An Obsession with Asian Dumplings: My Favorite Picks

After living abroad for five years and traveling to over 60 countries, I have figured out I have a problem.

I am obsessed with Asian dumplings.

I dream about them when I sleep. I drool on my keyboard thinking about them.

I have a friend here in Belize who swears she could eat tacos everyday; I think I could easily eat dumplings every day.

Fried, boiled, steamed…no matter how you cook ‘em, I’ll eat ‘em.

When I first moved to Taiwan, I became instantly enamored with xiao long bao from the famed Din Tai Fung. Those little pockets of perfection quickly became my comfort food for nearly four years — I’d eat them pretty much every Monday without fail. My unconditional love for xiao long bao is so deep that they were the basis for our site’s prior header image and, well, you can’t miss the cartoon cutie who is the inspiration behind our new Our Tasty Travels logo.

Xiao Long Bao from Din Tai Fung in Taipei, Taiwan #food #dumplings #taiwan #ourtastytravels

Xiao Long Bao from Din Tai Fung in Taipei, Taiwan

Now that I am living on a small island in Belize most of the year and a tiny village in the Netherlands the remainder of the time I’m not on the road, my access to good Asian dumplings has dwindled, becoming nearly non-existent at times.

Like any good dumpling addict, I have helped drag others down by cooking them on a fairly regular basis here in Belize. I mean, friends shouldn’t let friends eat dumplings alone right?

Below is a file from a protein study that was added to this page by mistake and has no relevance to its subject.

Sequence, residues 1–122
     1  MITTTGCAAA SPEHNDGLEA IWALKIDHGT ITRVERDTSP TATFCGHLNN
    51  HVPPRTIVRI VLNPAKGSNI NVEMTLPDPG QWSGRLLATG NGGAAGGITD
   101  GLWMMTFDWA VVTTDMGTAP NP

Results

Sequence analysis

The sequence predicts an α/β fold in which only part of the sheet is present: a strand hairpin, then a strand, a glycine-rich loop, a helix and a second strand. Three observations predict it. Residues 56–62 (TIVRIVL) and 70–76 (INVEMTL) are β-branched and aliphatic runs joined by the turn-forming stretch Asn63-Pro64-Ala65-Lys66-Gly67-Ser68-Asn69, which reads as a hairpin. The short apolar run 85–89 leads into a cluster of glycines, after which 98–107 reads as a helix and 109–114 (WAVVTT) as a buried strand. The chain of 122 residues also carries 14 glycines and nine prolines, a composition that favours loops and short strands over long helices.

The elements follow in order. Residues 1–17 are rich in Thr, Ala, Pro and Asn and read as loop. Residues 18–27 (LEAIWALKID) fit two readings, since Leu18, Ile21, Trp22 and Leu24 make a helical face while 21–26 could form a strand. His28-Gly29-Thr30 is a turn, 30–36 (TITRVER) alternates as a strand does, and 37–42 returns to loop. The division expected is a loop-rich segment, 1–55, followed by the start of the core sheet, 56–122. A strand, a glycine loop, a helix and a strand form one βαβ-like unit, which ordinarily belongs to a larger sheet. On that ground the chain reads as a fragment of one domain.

As an ode to my current culinary obsession, here’s a look at some of my favorite types of dumplings and some of my recommended spots on where to get them!

Pot Stickers — Dumpling Inn, San Diego, California

I’ve had pot stickers in a number of spots, but I have to say the ones at the Dumpling Inn in San Diego, California, have been among the most memorable. We ventured there under the premise of their xiao long bao being some of the best in California and yeah, they didn’t rank among my top picks, but the pot stickers were killer.

Chinese Potstickers from Dumpling Inn in San Diego, California #food #dumplings #ourtastytravels

Chinese Potstickers from Dumpling Inn in San Diego, California

Crispy Pork Buns — Kao Chi, Taipei, Taiwan

Yes, they are more buns than dumplings, but since they often creep into my dumpling dreams, I’d be remiss in not including them. Kao Chi’s crispy pork buns are often considered the biggest rival to Din Tai Fung, but there is definitely enough room in my heart to love both places. Kao Chi’s buns have the more dense and fluffy dough typically found in other pork buns, but with a combination of steaming and pan frying, these are addicting.

Crispy pork buns from Kao Chi in Taipei, Taiwan #food #dumplings #ourtastytravels

Crispy pork buns from Kao Chi in Taipei, Taiwan

Pork Xiao Long Bao — Din Tai Fung, Taipei